Energy and Environment Reporting for Texas

Watch Out Almonds! Pecans Aim to Displace America’s Nut

A harvest of Pecans from Austin, Texas.

Mose Buchele

A harvest of Pecans from Austin, Texas.

This is a story of two nuts: the almond and the pecan.

In the 1960s the pecan industry loomed large over the almond. But, then, something changed. Since then, the almond crop has seen a nearly 33-fold growth, while the pecan crop has seen little to no growth. But things are looking up for the once-proud pecan.

You’ve heard “Beef: It’s what’s for dinner,” and “Pork, the other white meat.” But now it’s the humble pecan that might be getting its own catchphrase.

The pecan is the only commercially grown nut in Texas, and now the U.S. Department of Agriculture is agreeing with the pecan industry that it should be allowed to start something called a “federal marketing order” for the official nut of Texas.

The order allows pecan distributors to pool their money and fund large-scale research and marketing campaigns. Other commodities — like beef, pork, avocados, almonds, walnuts and pistachios — have been doing it for decades, says Texas pecan farmer Mike Adams.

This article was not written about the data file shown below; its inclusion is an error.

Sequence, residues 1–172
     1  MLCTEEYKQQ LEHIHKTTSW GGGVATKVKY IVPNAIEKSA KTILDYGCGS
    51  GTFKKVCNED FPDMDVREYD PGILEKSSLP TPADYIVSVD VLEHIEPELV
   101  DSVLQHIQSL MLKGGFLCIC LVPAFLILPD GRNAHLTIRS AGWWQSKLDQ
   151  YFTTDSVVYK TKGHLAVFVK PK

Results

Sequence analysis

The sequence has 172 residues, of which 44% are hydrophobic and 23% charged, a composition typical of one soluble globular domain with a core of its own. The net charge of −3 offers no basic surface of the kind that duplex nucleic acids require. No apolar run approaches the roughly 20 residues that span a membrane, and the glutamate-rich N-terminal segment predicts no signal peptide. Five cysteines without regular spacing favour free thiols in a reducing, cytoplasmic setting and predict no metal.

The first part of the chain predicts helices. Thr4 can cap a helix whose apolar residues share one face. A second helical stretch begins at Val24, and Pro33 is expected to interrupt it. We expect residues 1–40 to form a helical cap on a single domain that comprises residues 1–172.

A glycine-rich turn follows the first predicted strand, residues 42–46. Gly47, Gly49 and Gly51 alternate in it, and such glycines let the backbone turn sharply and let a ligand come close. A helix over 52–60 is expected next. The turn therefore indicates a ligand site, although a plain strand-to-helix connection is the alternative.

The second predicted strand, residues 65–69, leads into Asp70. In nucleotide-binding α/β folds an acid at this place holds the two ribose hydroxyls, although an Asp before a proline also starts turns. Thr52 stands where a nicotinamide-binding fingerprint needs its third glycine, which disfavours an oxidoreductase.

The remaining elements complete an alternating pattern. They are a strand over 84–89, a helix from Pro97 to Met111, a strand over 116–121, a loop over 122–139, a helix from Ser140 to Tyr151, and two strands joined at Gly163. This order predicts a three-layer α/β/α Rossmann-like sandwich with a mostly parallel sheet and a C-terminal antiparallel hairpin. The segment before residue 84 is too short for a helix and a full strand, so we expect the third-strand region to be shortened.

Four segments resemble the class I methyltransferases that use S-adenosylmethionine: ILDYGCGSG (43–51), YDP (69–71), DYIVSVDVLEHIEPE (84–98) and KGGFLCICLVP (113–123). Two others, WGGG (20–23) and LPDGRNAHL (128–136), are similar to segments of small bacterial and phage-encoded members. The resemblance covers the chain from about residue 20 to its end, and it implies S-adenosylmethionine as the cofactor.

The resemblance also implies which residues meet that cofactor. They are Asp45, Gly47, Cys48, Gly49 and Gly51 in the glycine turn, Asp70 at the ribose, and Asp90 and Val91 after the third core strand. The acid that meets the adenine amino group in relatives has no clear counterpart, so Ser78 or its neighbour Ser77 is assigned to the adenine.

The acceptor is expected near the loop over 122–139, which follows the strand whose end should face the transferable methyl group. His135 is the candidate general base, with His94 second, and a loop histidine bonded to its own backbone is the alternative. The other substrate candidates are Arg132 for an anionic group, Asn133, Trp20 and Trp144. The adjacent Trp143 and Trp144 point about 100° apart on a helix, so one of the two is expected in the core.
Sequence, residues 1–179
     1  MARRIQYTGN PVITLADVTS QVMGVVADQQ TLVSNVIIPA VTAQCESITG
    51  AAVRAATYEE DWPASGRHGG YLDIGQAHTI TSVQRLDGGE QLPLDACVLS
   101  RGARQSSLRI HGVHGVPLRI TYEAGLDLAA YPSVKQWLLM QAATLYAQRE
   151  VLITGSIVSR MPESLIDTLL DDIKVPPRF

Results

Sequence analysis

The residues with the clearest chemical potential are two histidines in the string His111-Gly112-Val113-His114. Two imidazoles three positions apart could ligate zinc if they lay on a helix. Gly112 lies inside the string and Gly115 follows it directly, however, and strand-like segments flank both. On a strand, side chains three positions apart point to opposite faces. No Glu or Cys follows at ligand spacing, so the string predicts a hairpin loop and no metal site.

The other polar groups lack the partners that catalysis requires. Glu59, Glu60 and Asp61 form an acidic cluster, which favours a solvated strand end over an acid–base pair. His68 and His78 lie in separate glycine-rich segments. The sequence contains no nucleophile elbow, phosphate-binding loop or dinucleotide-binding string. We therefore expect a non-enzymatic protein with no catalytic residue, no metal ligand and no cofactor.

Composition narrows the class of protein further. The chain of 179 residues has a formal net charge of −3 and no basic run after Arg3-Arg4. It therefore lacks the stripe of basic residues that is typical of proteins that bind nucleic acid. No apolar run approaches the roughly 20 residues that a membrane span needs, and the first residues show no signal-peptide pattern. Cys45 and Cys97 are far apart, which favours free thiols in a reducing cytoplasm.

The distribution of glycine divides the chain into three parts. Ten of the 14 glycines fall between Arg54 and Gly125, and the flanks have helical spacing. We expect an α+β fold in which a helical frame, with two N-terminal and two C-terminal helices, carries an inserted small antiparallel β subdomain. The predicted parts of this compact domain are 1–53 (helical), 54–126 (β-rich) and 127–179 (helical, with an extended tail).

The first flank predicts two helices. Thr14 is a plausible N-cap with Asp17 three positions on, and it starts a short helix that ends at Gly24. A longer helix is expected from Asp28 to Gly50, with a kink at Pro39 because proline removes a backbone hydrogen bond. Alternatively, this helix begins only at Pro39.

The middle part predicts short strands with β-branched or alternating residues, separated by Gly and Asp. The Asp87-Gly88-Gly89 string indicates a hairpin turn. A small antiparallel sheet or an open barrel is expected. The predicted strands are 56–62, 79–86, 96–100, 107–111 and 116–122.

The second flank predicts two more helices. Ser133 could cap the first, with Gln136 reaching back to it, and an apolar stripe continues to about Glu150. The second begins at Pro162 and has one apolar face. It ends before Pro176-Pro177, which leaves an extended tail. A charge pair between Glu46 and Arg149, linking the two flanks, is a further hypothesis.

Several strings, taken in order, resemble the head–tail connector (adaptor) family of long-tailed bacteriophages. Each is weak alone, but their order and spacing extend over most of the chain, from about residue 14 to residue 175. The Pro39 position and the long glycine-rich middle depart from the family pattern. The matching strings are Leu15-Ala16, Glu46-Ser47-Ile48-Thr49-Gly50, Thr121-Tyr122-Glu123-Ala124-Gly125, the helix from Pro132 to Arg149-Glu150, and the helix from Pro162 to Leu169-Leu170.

Adams is also president of the American pecan board. He thinks this will increase demand for the nut and get new pecan products out on the market. So watch out, almonds.

“I think you’ll see pecan butter. I think you’ll see pecan milk,” Adams says.

Adams thinks the growth of the industry would help the economy here in Texas. Of course, increased demand and the cost of marketing and research could drive prices up for consumers.



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